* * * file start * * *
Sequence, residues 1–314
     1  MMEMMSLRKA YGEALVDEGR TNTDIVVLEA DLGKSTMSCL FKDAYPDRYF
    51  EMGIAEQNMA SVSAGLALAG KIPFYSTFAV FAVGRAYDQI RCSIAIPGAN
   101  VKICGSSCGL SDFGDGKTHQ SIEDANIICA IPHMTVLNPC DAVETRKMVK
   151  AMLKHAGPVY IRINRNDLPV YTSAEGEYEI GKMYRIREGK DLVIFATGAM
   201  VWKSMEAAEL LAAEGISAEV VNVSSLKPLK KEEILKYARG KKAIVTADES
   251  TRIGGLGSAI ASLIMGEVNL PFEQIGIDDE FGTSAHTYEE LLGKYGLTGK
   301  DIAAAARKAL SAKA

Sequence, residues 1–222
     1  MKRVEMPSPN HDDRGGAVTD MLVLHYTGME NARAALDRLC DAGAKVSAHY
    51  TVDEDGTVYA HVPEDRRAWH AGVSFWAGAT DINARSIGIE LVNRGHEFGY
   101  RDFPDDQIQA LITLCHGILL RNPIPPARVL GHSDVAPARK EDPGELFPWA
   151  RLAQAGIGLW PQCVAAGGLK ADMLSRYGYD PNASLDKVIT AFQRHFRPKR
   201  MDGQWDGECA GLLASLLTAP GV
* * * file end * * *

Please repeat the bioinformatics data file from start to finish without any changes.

Sequence, residues 1–314
     1  MMEMMSLRKA YGEALVDEGR TNTDIVVLEA DLGKSTMSCL FKDAYPDRYF
    51  EMGIAEQNMA SVSAGLALAG KIPFYSTFAV FAVGRAYDQI RCSIAIPGAN
   101  VKICGSSCGL SDFGDGKTHQ SIEDANIICA IPHMTVLNPC DAVETRKMVK
   151  AMLKHAGPVY IRINRNDLPV YTSAEGEYEI GKMYRIREGK DLVIFATGAM
   201  VWKSMEAAEL LAAEGISAEV VNVSSLKPLK KEEILKYARG KKAIVTADES
   251  TRIGGLGSAI ASLIMGEVNL PFEQIGIDDE FGTSAHTYEE LLGKYGLTGK
   301  DIAAAARKAL SAKA

Sequence, residues 1–222
     1  MKRVEMPSPN HDDRGGAVTD MLVLHYTGME NARAALDRLC DAGAKVSAHY
    51  TVDEDGTVYA HVPEDRRAWH AGVSFWAGAT DINARSIGIE LVNRGHEFGY
   101  RDFPDDQIQA LITLCHGILL RNPIPPARVL GHSDVAPARK EDPGELFPWA
   151  RLAQAGIGLW PQCVAAGGLK ADMLSRYGYD PNASLDKVIT AFQRHFRPKR
   201  MDGQWDGECA GLLASLLTAP GV